While my Jaguar is not an XK8/XKE/X100, my is a a 1963 Jaguar 3.8s and it has a modern LS1 5.3 that is mildly modified with around 400 HP. The car looks fairly stock on the outside but has upgraded wheels with 245's on all four corners, all of the modern features of a new car such as AC, power steering, WIFI/blue tooth, back up camera, electric Jaguar leather seats with headrests, and actually a lot more beyond most current cars such as a refrigerator, printer, and that list is large. Anyway, the V8 is much lighter than the Jag stock engine which provides a better road handling. The sound is totally dependent on how you choose to muffle the car's exhaust while there are slight pitch between 6 and 8, you can make it sound many ways based on the muffler and exhaust design. For me I chose to keep it quiet so as to keep it more of a sleeper. The LS V8 is such an improvement as the engine is smooth and so much more power. The V8 now increases the performance from 0-60 to 3.9 to 4.0 seconds. The V8 is also such an easy engine to maintain not much to do other than change the oil as it is computer controlled, coil packs for each cylinder so no distributor/points/etc. and with the computer controlled ECU starting is easy and no matter what elevation the car preforms perfectly. I have finished the car about 3 years ago and have about 100,000 miles on it and I doubt the stock Jaguar would be as trouble free and the LS engines easily go 250,000 + miles without issues.

As far as value, the reality today is if a classic car is upgraded with a the right modern V8 then it will often increase the value compared to stock and if the entire car is built to a true restomod then it can out pace a numbers matching car, just see the trends at Barrett Jackson and others. Today quality restomod cars are commanding higher prices than numbers matching in many instances. The reason to me is that people love certain classic cars but fewer people buy them as just collector toys, people want to drive them and expect modern performance. I have had several purchase offers from $60-75K which is way more than any stock Jaguar 3.8s.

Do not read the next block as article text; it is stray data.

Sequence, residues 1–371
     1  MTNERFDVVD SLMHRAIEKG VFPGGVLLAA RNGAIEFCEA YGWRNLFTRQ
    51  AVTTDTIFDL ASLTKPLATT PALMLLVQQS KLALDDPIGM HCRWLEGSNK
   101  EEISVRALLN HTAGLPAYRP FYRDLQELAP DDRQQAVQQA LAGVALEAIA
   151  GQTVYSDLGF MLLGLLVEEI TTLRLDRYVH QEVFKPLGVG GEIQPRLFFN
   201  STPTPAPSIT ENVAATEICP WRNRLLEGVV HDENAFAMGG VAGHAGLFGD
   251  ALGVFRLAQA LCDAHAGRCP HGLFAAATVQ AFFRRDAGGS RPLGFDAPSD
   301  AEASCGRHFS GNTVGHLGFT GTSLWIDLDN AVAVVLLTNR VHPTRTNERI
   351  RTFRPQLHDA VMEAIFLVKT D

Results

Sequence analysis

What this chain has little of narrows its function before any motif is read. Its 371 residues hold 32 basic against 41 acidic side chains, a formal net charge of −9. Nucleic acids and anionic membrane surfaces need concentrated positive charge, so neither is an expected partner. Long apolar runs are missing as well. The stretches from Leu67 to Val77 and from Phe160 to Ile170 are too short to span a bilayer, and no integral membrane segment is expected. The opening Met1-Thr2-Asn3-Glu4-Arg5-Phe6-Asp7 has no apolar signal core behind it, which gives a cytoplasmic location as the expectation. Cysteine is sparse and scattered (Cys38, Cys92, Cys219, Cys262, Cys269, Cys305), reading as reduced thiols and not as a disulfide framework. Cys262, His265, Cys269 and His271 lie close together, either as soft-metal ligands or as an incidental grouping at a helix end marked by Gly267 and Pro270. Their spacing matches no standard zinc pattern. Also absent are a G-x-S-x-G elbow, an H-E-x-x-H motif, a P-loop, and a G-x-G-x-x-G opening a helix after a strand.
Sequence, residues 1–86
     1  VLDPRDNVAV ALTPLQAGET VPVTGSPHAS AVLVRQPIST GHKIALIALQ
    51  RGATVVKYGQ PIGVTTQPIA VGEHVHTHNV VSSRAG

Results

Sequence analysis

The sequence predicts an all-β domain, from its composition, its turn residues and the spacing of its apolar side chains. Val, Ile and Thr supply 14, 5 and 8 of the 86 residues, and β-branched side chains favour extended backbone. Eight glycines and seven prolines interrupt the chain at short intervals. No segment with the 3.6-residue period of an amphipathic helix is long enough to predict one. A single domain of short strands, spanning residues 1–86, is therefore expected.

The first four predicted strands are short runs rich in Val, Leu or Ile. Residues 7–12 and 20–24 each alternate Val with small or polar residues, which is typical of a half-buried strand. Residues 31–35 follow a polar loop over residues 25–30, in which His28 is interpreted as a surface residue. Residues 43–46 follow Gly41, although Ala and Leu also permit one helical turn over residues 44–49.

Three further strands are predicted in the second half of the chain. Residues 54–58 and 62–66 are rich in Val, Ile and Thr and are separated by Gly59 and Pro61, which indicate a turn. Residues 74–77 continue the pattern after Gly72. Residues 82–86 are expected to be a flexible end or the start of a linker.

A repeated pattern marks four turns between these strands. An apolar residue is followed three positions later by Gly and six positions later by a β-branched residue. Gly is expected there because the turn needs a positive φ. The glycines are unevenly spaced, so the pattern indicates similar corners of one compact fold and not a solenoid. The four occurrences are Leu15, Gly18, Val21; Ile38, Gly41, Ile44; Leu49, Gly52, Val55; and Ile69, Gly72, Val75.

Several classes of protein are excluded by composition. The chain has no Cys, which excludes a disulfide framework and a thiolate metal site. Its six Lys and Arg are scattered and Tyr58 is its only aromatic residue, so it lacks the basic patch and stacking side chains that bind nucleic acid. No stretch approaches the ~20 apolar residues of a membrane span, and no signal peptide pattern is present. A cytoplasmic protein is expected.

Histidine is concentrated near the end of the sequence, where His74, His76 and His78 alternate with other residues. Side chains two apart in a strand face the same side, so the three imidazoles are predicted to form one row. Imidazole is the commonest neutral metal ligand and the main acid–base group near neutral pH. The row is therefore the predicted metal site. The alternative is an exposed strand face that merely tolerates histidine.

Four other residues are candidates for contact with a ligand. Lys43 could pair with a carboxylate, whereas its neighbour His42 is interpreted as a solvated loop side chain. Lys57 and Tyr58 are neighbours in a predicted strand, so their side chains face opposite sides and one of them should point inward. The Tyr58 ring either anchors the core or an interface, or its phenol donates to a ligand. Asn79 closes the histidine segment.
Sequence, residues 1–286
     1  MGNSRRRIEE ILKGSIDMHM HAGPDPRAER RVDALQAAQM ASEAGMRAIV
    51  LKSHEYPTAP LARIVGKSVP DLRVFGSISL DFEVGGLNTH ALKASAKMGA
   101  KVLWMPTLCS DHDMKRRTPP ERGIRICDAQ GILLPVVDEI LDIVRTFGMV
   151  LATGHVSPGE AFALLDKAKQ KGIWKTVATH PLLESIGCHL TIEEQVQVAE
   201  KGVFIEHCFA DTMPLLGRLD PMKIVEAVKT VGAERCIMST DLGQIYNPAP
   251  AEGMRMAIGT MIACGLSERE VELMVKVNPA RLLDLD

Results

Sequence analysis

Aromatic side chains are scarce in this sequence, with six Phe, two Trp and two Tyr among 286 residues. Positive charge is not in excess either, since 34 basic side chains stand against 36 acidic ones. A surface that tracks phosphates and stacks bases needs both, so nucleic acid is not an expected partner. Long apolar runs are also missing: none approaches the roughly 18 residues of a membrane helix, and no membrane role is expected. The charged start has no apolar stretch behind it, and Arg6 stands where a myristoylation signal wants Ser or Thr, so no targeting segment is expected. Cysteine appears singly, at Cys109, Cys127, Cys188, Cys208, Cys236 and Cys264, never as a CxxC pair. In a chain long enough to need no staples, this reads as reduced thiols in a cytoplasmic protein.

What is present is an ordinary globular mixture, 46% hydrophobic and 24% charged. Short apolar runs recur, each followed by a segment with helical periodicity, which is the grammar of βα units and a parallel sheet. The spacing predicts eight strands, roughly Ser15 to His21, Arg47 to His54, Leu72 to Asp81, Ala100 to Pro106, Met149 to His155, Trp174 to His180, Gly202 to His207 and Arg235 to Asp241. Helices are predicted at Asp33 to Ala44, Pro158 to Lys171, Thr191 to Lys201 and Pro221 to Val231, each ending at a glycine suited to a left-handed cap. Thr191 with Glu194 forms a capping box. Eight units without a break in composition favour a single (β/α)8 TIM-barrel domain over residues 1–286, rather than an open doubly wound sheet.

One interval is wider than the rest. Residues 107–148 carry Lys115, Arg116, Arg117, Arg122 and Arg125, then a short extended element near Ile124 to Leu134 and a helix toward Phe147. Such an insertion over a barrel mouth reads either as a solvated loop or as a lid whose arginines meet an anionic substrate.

An LS swap is a lot of work but if you do it well the end result is incredible performance, great reliability, same or better fuel economy, and the value of the car in my opinion would increase compare to stock.




 
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Old 01-25-2019, 10:33 AM
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Your car is badass! I don't think I see anything I don't think is cool on it. It has AC from the looks of it too and that is hugely appealing to me. I, and many others, would definitely like your car over OEM; it's a classic you can use and use without worrying about making the value worse. The 100 point cars are cool too, but I like this because you can get in, roast the tires, and be chilly cool with nice audio from the stereo.
 
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Old 01-25-2019, 10:43 AM
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nicely done primaz!!!
 
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Old 01-25-2019, 10:48 AM
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What a nicely done example. Wow.

One question, though: the 5.3 is typically the truck variant, right, and usually an iron block. Since this is lighter, would this then be the L33 (aluminum block, but same 5.3 displacement)? Just curious.
 
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Old 01-25-2019, 11:54 AM
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Originally Posted by EnjoyEverySandwich View Post
What a nicely done example. Wow.

One question, though: the 5.3 is typically the truck variant, right, and usually an iron block. Since this is lighter, would this then be the L33 (aluminum block, but same 5.3 displacement)? Just curious.
Either LS variant would work fine in a Jaguar, I just did this one because of the circumstances, it was a great deal that I could not pass up. The main difference is the truck intake is geared for more torque which I have tons of but it does not limit the drivability in anyway. LS engines are nice as there are so many tuners everywhere that can tune them to your specific needs and desires; once tuned the engine is just no maintenance. I would always recommend that any restomod Jaguar use an aluminum block and head V8 as they are so light and improve the balance/handling of the car plus that is what people want for resale. If you see a restomod with a carbureted V8 or any old school iron block, etc. those will DEFINAETLEY have reduced resale value. People today want a plug and play car where you just put in gas and the car is fast, handles well, and reliable. The recent Barrett Jackson auction in Arizona there were so many restomod muscle cars that sold for 1.5 to 4X of a perfect numbers matching car, that is the trend.

Andrew with jaguar specialties is GREAT and he helped me with a number of parts and information for my car. He has proven kits for the Jaguars in this forum and I would highly recommend him. You can also use him and find a good local mechanical to do all of the work and while it will be an investment to do the swap the end result is phenomenal. As an example my car has blown away so many modern sedans and having that incredible speed at your fingertips makes driving so enjoyable!
 

Last edited by primaz; 01-25-2019 at 11:57 AM.